It is clear that if the most you would be willing to pay for a given player is $25, then bidding $100 for a player is not a good idea, because someone else may value that player at $75, and you would be stuck paying $51 more than you were willing to pay. Instead, you should always bid $25 for that player, whether you think the other players are bidding rationally or not. Bidding $25 is the only way to both ensure that you don’t overpay, and that you won’t miss out on an opportunity to get the player for less than your personal valuation. If you say that you should bid more, and would be happy to get the player for, say, $30, then what you really are saying is that your true willingness to pay is above $25.

What a vickrey auction does NOT do, is extract the true market valuation of a player. Actually this concept is not even well-defined, as the market mechanisms employed are important to the actual price that is paid. In a situation where every bidder has a different valuation of a player, there is no single “market value” that is independent of the mechanism used to allocate the prize. All the Vickrey auction does is (given rational bidders) allocate the prize to the bidder with the highest willingness to pay.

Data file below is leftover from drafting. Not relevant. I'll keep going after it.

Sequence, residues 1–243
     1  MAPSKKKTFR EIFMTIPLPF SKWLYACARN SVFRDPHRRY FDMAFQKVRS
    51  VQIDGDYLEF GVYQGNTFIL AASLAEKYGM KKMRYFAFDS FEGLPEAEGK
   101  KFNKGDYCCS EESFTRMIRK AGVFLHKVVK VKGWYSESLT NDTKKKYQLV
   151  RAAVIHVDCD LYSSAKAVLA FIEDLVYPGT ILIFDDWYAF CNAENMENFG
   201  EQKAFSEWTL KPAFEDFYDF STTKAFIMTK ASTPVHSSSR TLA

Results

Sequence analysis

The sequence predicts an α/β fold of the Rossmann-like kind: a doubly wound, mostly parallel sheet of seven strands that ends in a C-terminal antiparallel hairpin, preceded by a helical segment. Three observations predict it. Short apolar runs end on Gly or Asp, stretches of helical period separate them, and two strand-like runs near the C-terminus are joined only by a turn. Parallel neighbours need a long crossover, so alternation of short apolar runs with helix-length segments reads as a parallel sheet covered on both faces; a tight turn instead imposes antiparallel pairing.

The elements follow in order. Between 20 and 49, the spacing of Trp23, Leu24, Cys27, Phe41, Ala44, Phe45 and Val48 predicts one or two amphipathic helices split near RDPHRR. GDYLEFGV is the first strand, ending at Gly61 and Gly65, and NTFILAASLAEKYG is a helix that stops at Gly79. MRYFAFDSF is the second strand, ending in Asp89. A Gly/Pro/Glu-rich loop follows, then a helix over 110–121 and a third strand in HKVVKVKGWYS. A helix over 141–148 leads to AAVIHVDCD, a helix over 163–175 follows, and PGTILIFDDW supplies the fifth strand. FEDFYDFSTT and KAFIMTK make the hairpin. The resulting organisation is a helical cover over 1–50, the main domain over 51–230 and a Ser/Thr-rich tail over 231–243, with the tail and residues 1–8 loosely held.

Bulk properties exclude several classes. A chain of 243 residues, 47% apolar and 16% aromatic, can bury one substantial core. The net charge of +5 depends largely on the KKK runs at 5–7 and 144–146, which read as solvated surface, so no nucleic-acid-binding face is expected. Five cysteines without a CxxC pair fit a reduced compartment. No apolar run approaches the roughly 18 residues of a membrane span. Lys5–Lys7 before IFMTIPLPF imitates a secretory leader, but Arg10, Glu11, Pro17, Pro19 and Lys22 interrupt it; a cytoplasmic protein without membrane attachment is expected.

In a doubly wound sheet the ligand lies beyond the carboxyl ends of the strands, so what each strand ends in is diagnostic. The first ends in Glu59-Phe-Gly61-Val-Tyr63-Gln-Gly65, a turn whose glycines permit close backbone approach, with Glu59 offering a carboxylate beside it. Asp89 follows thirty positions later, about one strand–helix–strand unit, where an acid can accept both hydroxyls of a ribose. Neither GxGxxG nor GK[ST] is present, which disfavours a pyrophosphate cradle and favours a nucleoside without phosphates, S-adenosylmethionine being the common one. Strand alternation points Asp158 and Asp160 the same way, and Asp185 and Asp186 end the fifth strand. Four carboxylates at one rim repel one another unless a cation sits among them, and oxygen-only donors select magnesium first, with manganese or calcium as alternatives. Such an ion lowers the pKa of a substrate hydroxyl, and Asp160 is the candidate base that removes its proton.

If bidders are not rational, then the vickrey auction will penalize irrational bidders, since they will sometimes win the prize and pay more than they were willing to pay (because their bid was too high), or they will lose the prize when they could have won it for less than they were willing to pay (because they bid too low).

Again, I think the main confusion in this discussion is in assuming there is a single “market value”. This is simply not the case. we all know that a team that needs saves will be willing to pay a lot more for a free agent closer, than a team that already has k-rod, nathan, and coco. The mechanism for allocating the player to a team, be it a vickrey auction, or simply waiver priority, will determine the price paid and who receives the prize. The Vickrey auction happens to have the nice property that (under rationality) the player with the highest willingness to pay will win.

Thanks to Mikkel for putting his thoughts out there. I think that mostly he gets it right. Hope this helps.

Elias in Ann Arbor